Aim: To provide a mechanistic and probabilistic framework for defining the species pool based on species-specific probabilities of dispersal, environmental suitability and biotic interactions within a specific temporal extent, and to show how probabilistic species pools can help disentangle the geographical structure of different community assembly processes.
Innovation: Probabilistic species pools provide an improved species pool definition based on probabilities in conjunction with the associated species list, which explicitly recognize the indeterminate nature of species pool membership for a given focal unit of interest and better capture real-world complexity. Probabilistic species pools provide a quantitative assessment of how dispersal, environmental or biotic factors influence estimates of species pool composition and size for a given temporal extent.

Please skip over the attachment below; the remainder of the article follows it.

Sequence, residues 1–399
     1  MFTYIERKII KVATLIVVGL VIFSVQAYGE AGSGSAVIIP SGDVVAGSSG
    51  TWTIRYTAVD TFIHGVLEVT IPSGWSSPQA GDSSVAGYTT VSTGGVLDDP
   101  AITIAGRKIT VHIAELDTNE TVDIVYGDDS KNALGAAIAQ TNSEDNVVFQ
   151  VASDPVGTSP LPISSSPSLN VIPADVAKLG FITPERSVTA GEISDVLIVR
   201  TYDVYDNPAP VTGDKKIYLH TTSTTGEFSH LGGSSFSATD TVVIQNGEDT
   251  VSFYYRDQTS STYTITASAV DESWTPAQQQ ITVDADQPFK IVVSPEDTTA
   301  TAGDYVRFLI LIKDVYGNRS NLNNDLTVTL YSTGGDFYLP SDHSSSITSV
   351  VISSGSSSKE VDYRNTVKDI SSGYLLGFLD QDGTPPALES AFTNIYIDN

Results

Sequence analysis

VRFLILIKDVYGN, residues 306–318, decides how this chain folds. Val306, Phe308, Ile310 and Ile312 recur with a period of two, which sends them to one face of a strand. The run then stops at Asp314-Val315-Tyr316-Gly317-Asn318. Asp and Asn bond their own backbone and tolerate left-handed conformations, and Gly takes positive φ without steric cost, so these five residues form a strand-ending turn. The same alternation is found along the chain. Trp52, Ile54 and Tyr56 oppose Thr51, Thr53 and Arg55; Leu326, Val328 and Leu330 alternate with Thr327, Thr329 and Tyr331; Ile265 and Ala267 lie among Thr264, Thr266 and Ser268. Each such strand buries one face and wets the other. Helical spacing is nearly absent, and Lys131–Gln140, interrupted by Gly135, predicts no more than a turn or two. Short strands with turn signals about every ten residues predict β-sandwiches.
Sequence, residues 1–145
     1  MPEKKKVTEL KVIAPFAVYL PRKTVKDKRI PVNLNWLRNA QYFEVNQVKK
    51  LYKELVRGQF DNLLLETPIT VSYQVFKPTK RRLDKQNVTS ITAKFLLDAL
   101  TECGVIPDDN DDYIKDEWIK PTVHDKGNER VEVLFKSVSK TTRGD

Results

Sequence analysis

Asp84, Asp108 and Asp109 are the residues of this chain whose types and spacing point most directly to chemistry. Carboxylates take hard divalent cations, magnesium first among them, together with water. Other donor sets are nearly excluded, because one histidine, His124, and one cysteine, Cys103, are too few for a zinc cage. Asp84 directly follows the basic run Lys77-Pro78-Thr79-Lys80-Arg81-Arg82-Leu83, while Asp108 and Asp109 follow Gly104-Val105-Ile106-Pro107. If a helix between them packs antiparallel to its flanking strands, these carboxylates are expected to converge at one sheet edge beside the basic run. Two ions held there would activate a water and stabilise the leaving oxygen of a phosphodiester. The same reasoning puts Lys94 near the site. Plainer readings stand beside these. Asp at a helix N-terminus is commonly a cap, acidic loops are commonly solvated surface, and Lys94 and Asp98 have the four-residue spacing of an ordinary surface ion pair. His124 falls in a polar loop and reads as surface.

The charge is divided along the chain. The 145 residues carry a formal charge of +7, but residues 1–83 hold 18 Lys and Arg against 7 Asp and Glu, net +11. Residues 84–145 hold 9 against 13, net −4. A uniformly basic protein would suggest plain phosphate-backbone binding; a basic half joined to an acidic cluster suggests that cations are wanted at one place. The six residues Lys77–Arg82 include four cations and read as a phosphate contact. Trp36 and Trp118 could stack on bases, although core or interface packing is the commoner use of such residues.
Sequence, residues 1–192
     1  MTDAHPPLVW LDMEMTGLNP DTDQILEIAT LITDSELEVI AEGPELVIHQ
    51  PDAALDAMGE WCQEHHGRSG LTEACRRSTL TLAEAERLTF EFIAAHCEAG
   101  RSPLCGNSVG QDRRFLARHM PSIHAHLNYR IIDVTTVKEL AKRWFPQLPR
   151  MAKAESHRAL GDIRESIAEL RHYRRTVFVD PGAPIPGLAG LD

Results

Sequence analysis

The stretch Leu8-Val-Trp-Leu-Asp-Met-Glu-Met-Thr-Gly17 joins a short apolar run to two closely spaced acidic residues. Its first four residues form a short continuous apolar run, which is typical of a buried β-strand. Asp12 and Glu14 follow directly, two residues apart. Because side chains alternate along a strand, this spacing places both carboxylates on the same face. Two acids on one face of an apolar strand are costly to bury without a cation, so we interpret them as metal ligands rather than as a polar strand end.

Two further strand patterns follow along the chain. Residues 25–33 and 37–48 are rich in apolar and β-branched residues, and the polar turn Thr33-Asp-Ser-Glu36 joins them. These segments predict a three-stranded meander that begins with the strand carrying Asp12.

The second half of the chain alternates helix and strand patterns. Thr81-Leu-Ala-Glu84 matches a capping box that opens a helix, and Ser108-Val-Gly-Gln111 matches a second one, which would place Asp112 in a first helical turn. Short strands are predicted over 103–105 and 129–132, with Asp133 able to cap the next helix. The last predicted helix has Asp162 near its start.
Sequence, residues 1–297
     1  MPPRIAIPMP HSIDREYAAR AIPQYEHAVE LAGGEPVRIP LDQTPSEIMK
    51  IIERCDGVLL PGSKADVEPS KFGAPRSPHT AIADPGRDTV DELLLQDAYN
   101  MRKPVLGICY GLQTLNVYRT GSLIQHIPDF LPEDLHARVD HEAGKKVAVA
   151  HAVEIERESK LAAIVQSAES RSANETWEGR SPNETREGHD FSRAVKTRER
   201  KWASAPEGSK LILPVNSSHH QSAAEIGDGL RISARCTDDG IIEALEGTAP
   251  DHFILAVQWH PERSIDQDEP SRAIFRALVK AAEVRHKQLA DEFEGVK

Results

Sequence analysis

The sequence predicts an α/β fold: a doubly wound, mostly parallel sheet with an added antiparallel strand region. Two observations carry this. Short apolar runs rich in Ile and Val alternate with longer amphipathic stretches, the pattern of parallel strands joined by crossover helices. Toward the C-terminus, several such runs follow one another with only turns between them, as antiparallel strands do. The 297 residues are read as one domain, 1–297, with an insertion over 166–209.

Conclusions: Based on one simulated and two empirical examples we demonstrate that probabilistic species pools allow us to disentangle the geographical variation in dispersal, environmental and biotic assembly processes for species assemblages in focal units. We also show that probabilistic species pools are fully compatible with traditional definitions of species pools and are applicable over a wide range of spatial and temporal extents. Additionally they are robust to missing data and provide a quantified and transparent approach to estimating the size and composition of species pools in a mechanistic way, providing a valuable tool for studies from community ecology to macroecology.